Herrera et al.: Cardiac Abnormalities with Morbid Obesity

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Table 4. Comparative analysis of echocardiographic variables before and after surgery. Before surgery

Three years after surgery

Patient

LAD

LVIDD

ST

LVPWT

RVIDD

LVMI

EF

LAD

LVIDD

ST

LVPWT

RVIDD

LVMI

EF

1 2 3 4 5 6 7 8

4.8 5.0 3.6 5.0 5.2 3.5 5.2 4.5

4.9 5.2 4.9 5.1 5.7 4.9 3.6 4.8

1.1 1.8 1.8 1.6 1.8 1.4 1.1 1.2

1.0 1.1 0.8 1.3 1.5 1.3 1.4 1.1

— 2.9 1.1 3.8 — 2.3 2.1 2.5

105 99 60 121 173 135 114 89

62 70 65 64 59 71 63 66

3.7 4.6 3.7 4.0 4.6 3.1 5.2 4.9

4.8 4.9 5.1 4.7 4.3 4.5 5.0 5.1

1.0 1.4 1.1 1.5 1.0 1.0 1.4 1.4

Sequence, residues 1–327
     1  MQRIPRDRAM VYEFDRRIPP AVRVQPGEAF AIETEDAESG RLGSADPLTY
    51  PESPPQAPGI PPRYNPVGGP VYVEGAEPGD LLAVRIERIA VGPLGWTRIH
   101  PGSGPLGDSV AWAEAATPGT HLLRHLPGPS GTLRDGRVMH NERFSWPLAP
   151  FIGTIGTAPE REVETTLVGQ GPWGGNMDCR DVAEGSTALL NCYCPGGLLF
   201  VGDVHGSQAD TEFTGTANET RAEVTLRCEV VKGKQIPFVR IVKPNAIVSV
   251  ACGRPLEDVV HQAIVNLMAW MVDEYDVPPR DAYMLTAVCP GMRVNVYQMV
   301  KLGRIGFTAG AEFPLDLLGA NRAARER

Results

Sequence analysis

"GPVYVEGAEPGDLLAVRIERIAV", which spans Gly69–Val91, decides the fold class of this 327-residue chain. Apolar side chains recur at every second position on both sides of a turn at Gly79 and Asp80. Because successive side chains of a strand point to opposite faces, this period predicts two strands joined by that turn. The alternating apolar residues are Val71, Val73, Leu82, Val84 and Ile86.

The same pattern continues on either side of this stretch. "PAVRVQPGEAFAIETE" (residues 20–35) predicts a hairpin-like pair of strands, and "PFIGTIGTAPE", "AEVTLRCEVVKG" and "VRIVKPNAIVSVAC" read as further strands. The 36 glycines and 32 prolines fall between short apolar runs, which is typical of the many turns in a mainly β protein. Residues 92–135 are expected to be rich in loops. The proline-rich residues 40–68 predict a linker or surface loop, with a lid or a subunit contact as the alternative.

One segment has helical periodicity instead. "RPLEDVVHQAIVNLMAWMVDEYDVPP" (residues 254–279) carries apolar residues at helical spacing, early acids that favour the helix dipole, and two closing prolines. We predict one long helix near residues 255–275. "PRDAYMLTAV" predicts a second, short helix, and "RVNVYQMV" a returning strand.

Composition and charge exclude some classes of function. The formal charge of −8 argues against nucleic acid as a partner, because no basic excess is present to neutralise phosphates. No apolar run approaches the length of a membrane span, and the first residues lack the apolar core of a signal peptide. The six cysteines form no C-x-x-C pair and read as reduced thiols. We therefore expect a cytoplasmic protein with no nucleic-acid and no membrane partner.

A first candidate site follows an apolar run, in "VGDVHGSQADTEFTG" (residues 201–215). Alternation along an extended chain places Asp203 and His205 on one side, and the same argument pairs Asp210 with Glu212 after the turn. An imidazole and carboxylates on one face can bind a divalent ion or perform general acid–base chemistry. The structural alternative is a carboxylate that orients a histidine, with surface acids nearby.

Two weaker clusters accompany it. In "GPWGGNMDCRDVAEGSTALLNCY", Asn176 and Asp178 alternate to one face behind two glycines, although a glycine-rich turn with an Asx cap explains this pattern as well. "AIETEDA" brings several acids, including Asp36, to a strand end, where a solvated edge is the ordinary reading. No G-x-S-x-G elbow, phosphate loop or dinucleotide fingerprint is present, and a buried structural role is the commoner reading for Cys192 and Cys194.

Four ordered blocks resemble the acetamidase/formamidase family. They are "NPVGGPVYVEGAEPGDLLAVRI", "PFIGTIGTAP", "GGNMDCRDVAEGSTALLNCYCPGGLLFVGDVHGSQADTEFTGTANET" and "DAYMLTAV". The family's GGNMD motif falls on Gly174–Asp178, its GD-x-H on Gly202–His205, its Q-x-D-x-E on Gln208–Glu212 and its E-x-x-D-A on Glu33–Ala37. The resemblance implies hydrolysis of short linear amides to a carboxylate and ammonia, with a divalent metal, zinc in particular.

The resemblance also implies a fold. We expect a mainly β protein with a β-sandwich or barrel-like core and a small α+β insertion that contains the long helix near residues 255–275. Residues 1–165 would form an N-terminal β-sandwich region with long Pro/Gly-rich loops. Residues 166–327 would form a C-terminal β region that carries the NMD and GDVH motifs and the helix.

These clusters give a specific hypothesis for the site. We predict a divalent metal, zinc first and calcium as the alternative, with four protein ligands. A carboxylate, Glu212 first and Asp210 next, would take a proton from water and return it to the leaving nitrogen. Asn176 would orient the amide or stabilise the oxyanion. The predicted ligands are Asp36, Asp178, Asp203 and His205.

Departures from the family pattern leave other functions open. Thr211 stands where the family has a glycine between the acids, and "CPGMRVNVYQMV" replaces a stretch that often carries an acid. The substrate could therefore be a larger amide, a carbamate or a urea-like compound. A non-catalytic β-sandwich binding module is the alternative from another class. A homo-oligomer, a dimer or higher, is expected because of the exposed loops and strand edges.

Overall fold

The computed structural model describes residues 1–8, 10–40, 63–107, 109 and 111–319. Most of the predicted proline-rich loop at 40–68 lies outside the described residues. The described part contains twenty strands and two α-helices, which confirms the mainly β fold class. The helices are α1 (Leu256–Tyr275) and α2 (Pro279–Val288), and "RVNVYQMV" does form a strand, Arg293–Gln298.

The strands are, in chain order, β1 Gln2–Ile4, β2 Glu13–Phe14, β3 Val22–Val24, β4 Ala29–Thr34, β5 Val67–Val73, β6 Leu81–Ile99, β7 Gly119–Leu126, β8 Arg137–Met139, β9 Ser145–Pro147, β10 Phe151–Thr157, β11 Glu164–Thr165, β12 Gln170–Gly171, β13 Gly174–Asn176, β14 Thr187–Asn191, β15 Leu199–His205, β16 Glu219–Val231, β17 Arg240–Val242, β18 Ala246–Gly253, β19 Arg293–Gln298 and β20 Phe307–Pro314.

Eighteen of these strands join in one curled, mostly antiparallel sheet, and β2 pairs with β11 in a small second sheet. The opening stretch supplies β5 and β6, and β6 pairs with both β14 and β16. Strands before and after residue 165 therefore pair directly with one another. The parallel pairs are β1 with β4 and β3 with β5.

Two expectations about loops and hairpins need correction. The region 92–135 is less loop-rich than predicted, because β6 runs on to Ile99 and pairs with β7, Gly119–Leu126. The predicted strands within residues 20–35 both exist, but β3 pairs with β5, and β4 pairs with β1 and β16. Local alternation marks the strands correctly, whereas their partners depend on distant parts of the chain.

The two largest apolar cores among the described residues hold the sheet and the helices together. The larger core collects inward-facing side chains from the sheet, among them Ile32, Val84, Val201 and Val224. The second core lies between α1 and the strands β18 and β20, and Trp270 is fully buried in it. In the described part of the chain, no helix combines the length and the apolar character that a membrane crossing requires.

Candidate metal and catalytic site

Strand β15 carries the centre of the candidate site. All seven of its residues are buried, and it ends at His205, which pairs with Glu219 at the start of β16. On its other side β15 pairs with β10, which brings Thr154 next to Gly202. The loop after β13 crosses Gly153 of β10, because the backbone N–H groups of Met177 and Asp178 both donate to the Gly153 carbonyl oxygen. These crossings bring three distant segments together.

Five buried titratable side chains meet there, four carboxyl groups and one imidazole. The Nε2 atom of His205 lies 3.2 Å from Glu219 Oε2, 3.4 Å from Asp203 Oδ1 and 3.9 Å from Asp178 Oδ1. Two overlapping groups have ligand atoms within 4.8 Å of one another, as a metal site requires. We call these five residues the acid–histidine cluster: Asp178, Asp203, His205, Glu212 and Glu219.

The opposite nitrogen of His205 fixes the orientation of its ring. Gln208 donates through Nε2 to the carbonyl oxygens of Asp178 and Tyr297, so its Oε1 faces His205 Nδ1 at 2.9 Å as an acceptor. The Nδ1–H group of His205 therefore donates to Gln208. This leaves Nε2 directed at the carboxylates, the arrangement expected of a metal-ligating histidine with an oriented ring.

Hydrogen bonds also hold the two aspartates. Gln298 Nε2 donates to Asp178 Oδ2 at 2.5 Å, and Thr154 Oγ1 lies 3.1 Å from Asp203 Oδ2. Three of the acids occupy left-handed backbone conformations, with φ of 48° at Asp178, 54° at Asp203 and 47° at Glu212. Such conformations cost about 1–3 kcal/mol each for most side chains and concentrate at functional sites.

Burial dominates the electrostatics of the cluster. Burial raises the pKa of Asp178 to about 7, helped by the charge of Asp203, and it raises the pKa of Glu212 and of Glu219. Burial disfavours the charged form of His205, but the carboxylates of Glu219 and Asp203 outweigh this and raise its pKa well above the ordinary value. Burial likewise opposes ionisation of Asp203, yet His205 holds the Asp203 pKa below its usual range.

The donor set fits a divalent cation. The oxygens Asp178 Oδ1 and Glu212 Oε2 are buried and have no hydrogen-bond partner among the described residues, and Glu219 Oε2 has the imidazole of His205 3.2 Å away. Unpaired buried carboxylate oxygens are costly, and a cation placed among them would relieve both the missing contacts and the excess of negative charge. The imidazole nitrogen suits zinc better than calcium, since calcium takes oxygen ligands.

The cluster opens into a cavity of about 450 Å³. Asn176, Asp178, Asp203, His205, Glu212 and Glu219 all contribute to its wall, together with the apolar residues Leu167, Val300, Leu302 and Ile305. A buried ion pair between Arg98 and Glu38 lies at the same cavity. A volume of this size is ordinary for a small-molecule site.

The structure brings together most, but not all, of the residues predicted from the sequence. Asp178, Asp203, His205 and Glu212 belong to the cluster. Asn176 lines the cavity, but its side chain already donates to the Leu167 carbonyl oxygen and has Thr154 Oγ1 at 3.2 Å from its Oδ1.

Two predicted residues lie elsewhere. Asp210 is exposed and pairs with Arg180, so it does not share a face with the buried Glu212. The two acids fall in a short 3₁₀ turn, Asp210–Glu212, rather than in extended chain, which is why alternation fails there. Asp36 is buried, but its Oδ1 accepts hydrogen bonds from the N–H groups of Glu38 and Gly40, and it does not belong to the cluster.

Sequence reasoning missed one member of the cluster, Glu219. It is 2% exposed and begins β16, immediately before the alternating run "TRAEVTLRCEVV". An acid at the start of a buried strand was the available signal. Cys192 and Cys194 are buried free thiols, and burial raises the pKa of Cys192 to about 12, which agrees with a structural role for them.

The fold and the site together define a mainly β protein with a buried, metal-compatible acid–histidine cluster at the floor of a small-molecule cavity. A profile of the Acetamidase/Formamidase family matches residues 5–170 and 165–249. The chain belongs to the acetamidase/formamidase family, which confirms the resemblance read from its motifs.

1.0 1.0 1.1 1.3 1.5 0.8 1.7 0.9

— 2.0 2.1 3.2 — — 1.6 1.7

109 97 125 156 178 142 261 117

62 61 53 58 60 47 68 74

LAD: left atrial dimension (cm); LVIDD: left ventricular internal diastolic dimension (cm); ST: interventricular septal thickness (cm); LVPWT: left ventricular posterior wall thickness (cm); RVIDD: right ventricular internal diastolic dimension (cm); LVMI: left ventricular mass index (g/m2); EF: ejection fraction (%).